This willful ignorance leads to our supporting the wrong foreign policy. According to numerous polls in 2003, the American people firmly supported using a too small military force to invade and occupy Iraq. The idea of war on the cheap appealed to us, and President George Bush eagerly obliged. Though he executed the war and subsequent occupation, we -- the American people -- bear the ultimate responsibility for the outcome because he simply did what we wanted. We gave him our approval by re-electing him and his pro-war Republican colleagues in the 2004 election.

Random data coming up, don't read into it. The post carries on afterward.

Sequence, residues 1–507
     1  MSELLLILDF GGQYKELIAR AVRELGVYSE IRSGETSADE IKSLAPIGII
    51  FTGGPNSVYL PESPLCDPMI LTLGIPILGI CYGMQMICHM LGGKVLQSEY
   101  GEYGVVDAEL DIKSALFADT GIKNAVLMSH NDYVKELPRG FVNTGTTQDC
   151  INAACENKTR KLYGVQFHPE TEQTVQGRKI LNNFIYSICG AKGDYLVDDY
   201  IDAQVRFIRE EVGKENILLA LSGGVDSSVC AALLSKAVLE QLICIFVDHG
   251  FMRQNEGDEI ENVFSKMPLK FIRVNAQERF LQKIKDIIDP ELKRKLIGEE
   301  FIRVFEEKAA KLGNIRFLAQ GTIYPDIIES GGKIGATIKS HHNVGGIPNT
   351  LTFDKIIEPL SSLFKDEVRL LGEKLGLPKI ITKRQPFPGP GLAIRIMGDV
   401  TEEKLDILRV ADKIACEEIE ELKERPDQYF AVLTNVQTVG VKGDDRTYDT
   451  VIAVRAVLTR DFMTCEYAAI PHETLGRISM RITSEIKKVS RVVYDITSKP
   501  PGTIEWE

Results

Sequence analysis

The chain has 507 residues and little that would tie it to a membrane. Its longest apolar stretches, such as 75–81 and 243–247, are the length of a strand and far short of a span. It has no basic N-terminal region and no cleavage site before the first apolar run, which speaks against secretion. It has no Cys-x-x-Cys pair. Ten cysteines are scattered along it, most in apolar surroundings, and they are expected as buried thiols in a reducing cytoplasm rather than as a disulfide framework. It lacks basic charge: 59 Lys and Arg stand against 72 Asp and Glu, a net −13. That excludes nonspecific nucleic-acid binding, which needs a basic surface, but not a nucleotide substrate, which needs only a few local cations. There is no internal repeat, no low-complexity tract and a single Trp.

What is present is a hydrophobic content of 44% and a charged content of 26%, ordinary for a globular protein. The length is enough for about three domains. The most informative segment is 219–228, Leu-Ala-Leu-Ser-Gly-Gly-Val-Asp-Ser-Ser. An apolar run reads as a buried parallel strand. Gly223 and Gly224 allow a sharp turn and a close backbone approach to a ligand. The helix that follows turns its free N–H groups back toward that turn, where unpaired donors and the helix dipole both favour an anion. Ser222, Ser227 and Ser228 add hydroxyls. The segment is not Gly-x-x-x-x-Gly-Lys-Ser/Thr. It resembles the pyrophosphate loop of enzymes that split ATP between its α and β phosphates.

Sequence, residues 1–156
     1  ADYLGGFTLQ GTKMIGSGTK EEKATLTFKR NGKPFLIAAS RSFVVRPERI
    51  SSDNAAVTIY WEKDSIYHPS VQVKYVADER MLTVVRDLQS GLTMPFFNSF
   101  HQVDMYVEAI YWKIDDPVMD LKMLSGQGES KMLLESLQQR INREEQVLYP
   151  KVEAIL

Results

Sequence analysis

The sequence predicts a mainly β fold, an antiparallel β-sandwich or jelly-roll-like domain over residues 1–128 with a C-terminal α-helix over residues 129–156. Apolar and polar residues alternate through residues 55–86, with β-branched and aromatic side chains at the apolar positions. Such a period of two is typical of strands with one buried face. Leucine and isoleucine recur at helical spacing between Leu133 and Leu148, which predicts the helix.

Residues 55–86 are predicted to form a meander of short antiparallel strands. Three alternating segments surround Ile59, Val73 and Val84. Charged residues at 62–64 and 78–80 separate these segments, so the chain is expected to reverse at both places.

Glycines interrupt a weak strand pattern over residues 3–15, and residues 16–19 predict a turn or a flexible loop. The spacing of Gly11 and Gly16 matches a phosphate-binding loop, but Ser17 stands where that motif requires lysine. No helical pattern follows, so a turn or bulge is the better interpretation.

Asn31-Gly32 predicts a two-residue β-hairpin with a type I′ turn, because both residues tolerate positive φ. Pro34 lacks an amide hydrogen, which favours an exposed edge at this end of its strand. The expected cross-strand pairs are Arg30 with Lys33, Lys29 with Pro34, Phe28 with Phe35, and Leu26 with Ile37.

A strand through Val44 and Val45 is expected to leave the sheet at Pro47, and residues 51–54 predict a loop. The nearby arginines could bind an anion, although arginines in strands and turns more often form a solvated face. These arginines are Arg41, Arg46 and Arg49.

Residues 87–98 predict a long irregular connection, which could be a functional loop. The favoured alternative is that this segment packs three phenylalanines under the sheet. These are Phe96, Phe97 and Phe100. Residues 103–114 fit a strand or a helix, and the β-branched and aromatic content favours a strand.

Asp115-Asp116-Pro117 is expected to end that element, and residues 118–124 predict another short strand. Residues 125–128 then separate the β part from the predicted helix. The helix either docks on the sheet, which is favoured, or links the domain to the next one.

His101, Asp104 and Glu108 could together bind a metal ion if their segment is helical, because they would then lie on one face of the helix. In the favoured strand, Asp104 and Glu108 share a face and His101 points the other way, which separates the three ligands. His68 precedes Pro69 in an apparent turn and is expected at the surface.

The postwar occupation of Iraq went horribly awry. Neo-conservatives touted post-war Japan and post-war Germany as the model for the occupation of Iraq. Being ignorant of world history, the American people bought this nonsense. We simply did not know that the correct model is the Japanese occupation of Taiwan.
After imperial Japan took control of Taiwan, Tokyo stationed soldiers on the island at the ratio of 1 soldier per 60 Taiwanese.  Using this troop strength to crush the occasional violent uprisings, Tokyo successfully transformed Taiwan from a barbaric society into a Western one. Applying the Japanese lesson to Iraq, we can conclude that the non-Kurdish part (numbering about 22 million people) of Iraq needs 370,000 Western soldiers to transform the nation into a prosperous, Western democracy.